By: Paul Kehoe and Pamela Q. Devata

On May 15, 2014, Baltimore joined the growing number of jurisdictions to ban the box on employment applications.  Mayor Stephanie Rawlings Blake signed Baltimore’s Fair Criminal-Record Screening Practices ordinance, which bans private employers from inquiring about or conducting a criminal background check on an applicant until after an

By Pamela Quigley Devata, Paul Kehoe, and Craig B. Simonsen

The Federal Trade Commission (FTC) and the Equal Employment Opportunity Commission (EEOC) have just announced two short guides on employment background checks: Background Checks: What Employers Need to Know and Background Checks: What Job Applicants and Employees Should Know.  The documents were

 By Pamela Devata and Paul Kehoe

On January 13, 2014, the Southern District of California granted the United States’ motion to intervene in Dowell v. General Information Services, Inc. (“GIS”), No. 13-2581, to defend the constitutionality of 15 U.S.C. § 1681c, a provision of the Fair Credit Reporting Act. GIS contends that subsections (a)(2) and (a)(5) of the provision, which generally prohibit consumer reporting agencies (“CRAs”) from disclosing public information regarding an individual’s non-conviction criminal history more than seven years old, is unconstitutional under Sorrell v. IMS Health Inc., 131 S. Ct. 2653 (2011).

The case stems from a purported class action complaint filed by three plaintiffs, alleging that GIS provided non-conviction data over seven years old in a report to a private company that regulates access and provides employee registration for military base personnel. For one plaintiff, who applied at a California military base in 2012, the report disclosed three drug counts pre-2003, including information that two had been dismissed. For a second plaintiff who applied for a position at a San Diego naval base, the report identified charges in three separate criminal cases, including felonies, along with dismissal information. Finally, the third plaintiff’s report revealed multiple charges for felonies and accurately disclosed that all had been dismissed.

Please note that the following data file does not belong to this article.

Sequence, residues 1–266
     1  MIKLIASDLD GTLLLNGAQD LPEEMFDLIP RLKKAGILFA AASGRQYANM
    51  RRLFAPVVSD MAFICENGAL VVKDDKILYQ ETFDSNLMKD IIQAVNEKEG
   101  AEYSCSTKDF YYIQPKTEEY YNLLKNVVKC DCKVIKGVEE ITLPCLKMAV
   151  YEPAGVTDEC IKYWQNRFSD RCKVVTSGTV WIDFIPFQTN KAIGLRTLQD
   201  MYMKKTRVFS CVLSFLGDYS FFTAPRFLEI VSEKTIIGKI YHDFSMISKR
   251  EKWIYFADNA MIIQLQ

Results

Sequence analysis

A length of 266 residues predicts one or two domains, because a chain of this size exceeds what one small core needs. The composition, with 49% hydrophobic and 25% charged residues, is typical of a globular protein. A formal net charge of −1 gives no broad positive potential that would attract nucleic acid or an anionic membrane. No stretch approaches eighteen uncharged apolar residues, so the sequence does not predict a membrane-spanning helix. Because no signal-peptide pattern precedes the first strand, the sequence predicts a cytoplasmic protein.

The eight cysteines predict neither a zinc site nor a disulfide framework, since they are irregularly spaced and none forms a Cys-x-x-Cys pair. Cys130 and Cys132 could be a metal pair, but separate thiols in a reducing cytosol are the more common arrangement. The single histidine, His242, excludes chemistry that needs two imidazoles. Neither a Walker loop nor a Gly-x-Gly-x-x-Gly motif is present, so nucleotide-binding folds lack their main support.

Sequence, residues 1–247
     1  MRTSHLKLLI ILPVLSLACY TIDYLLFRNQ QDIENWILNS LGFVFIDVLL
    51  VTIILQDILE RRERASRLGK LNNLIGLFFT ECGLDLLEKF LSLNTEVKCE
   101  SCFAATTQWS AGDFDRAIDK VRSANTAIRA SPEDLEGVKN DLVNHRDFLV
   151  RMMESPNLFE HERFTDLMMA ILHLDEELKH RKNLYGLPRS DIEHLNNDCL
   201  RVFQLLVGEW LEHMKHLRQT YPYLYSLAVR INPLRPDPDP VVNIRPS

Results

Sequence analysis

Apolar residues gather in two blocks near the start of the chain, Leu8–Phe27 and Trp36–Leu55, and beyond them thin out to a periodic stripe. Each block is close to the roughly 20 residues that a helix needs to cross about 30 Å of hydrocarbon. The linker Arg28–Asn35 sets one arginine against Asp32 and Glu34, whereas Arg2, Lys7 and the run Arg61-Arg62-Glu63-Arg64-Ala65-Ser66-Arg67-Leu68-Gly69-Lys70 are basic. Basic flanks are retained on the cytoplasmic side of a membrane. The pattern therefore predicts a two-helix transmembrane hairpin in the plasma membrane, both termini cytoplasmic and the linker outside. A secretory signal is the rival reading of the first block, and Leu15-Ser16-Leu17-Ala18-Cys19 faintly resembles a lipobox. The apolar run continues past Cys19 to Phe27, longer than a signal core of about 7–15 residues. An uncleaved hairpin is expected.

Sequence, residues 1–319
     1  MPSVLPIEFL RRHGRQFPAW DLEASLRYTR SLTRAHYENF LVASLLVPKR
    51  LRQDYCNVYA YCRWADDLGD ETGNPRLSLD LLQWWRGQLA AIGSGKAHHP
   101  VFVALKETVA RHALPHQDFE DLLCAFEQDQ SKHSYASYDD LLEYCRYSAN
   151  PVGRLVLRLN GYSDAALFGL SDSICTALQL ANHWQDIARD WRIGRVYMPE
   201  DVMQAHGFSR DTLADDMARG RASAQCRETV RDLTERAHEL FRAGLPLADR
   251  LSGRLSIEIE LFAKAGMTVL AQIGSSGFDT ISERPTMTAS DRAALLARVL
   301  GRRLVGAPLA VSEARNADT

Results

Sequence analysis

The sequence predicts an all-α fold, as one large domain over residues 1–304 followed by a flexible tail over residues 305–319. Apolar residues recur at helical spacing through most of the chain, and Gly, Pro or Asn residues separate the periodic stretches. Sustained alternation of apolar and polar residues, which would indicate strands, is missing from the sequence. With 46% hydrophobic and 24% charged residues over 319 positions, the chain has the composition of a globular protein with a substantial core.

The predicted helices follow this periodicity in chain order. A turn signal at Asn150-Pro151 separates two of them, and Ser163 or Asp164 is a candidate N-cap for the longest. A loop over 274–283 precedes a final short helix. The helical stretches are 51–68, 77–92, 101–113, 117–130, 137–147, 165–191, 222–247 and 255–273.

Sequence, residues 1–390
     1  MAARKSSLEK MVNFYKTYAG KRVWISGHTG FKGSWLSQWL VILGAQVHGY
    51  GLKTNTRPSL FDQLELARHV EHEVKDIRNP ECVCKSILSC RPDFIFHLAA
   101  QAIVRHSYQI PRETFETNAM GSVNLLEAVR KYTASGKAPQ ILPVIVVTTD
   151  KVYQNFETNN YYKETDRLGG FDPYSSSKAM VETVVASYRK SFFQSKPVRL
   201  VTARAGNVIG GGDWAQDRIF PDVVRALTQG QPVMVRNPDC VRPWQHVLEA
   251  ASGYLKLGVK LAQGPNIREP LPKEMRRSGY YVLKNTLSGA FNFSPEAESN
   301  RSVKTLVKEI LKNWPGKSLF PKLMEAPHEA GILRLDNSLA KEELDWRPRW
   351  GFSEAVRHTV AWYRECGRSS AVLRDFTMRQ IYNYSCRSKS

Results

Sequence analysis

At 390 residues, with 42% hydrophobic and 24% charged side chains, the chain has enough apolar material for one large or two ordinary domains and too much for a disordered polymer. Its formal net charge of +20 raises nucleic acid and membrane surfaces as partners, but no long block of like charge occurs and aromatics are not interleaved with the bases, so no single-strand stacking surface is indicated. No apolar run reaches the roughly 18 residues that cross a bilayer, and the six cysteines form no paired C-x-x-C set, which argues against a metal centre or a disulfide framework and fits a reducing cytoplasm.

In Sorrell, the Court struck down a Vermont statute that prohibited pharmacies and data brokers from selling prescriber data if the data would be used for marketing purposes. The Court determined that because the statute permitted pharmacies and data brokers to sell the information to insurance companies, university researchers, journalists and others, that the statute imposed speaker- and content-based restrictions subject to heightened scrutiny, as is required under the Constitution. The state, therefore, failed to establish that the statute directly advanced a substantial government interest and that the measure was drawn to achieve that interest, and that statute was struck down as unconstitutional. 

In Dowell, GIS maintains that if the government could achieve its interests without restricting speech or restricting less speech, it must do so under Thompson v. Western Sates Med. Ctr., 535 U.S. 357, 371 (2002) (holding that if the Government can achieve its interests in a manner that does not restrict commercial speech, or that restricts less speech, the Government must do so). GIS argues in its motion to dismiss that the government’s purported interests — relevancy, privacy and accuracy —  do not support FCRA’s blanket prohibition on disclosure. According to GIS, less restrictive alternatives, including a restriction on employer use of the older, non-conviction data, would equally advance the government’s interest.   
Continue Reading Is FCRA’s Prohibition on CRAs from Disclosing Truthful Public Information Constitutional? The Government to Defend Its Position

By Pamela Devata, Paul Kehoe & Alnisa Bell

On December 17, 2013, Elizabeth Warren (D-Mass.), along with six other senators, introduced a bill, otherwise known as the Equal Employment for All Act, that would amend the Fair Credit Reporting Act (the “FCRA”)  to prohibit employers from using or obtaining consumer reports for prospective and